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ORIGINAL ARTICLE
Year : 2019  |  Volume : 9  |  Issue : 2  |  Page : 98-107

Association between inflammatory cytokine levels and anemia during Plasmodium falciparum and Plasmodium vivax infections in Mangaluru: A Southwestern Coastal Region of India


1 Department of Biochemistry, Kuvempu University, Shivamogga, Karnataka, India
2 Light House Polyclinic, K. S. Hegde Medical Academy, Nitte (Deemed to be University), Mangalore, Karnataka, India
3 Department of Molecular Parasitology, ICMR-National Institute of Malaria Research, Poojanahalli, Bengaluru, Karnataka, India
4 Department of Biochemistry, K. S. Hegde Medical Academy, Nitte (Deemed to be University), Mangalore, Karnataka, India
5 Department of Biochemistry and Molecular Biology, The Pennsylvania State University College of Medicine, 500 University Drive, Hershey, PA, USA

Correspondence Address:
Rajeshwara N Achur
Department of Biochemistry, Kuvempu University, Shankaraghatta, Shivamogga District, Shivamogga, Karnataka
India
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DOI: 10.4103/tp.TP_66_18

PMID: 31579664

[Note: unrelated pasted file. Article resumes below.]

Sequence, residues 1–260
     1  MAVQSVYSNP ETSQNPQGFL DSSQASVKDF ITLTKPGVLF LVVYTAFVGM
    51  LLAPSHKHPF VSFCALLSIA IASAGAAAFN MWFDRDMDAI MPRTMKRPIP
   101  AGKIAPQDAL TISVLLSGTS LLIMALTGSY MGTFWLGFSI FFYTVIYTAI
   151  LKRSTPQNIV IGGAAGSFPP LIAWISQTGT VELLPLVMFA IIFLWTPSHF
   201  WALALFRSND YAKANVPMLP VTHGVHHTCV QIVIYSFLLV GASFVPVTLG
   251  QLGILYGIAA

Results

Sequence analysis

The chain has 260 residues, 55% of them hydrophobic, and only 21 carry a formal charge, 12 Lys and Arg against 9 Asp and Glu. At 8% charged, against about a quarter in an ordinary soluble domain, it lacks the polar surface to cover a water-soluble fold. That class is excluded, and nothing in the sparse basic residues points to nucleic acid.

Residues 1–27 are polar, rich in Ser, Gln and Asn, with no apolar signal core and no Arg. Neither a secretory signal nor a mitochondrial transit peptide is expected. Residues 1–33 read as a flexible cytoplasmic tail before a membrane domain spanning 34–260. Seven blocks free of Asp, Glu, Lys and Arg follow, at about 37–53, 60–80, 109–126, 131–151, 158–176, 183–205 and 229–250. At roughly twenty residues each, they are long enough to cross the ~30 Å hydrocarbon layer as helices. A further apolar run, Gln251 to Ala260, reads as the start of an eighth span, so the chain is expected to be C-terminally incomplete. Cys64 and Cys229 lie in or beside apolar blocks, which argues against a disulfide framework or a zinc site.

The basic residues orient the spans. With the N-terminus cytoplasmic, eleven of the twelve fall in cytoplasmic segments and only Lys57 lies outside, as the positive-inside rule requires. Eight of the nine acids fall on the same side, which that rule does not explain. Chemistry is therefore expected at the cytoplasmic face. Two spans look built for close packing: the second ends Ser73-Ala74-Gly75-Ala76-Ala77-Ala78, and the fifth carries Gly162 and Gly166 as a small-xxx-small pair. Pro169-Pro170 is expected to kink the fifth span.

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Background and Objectives: Dysregulated production of inflammatory cytokines might play important role in anemia during malaria infection. The objective of this study was to assess the extent of anemia due to malaria, associated complications, and inflammatory cytokines (tumor necrosis factor alpha [TNF-α], interleukin [IL]-6, and IL-10) across varying anemic intensity during malaria infections. Materials and Methods: A hospital-based cross-sectional study was conducted at District Wenlock hospital in Mangaluru city. Samples from 627 patients and 168 healthy controls (HC) were analyzed for level of hemoglobin (Hb), red blood cells (RBCs), and inflammatory cytokines. The blood cell parameters and inflammatory cytokines levels across varying intensity of anemia were analyzed using Kruskal–Wallis test and pair-wise comparison between two groups were by Mann–Whitney U-test. Correlations were calculated by Pearson's and Spearman rank correlations. Results: Compared to HC, Hb, and RBC levels were significantly lower in infected patients. On comparison with mild anemia patients (Hb 8–10.9 g/dL), the levels of TNF-α and IL-6 were significantly elevated, whereas IL-10 levels were lower during severe anemia (SA) (Hb <5 g/dL). In this endemic setting, we found a strong negative association between Hb levels and parasitemia, Hb and TNF-α, and positive relationship with IL-10; anemic patients also had significantly high TNF-α/IL-10 ratios. SA was associated with complications such as acute renal failure (16.0%), jaundice (16.0%), metabolic acidosis (24.0%), hypoglycemia (12.0%), hyperparasitemia (4.0%), and hepatic dysfunction (16.0%). Conclusions: Contrary to its benign reputation, Plasmodium vivax(Pv) infections can also result in severe malarial anemia (SMA) and its associated severe complications similar to Plasmodium falciparum infections. Dysregulated inflammatory cytokine responses play an important role in the pathogenesis of SMA, especially during Pv infections.


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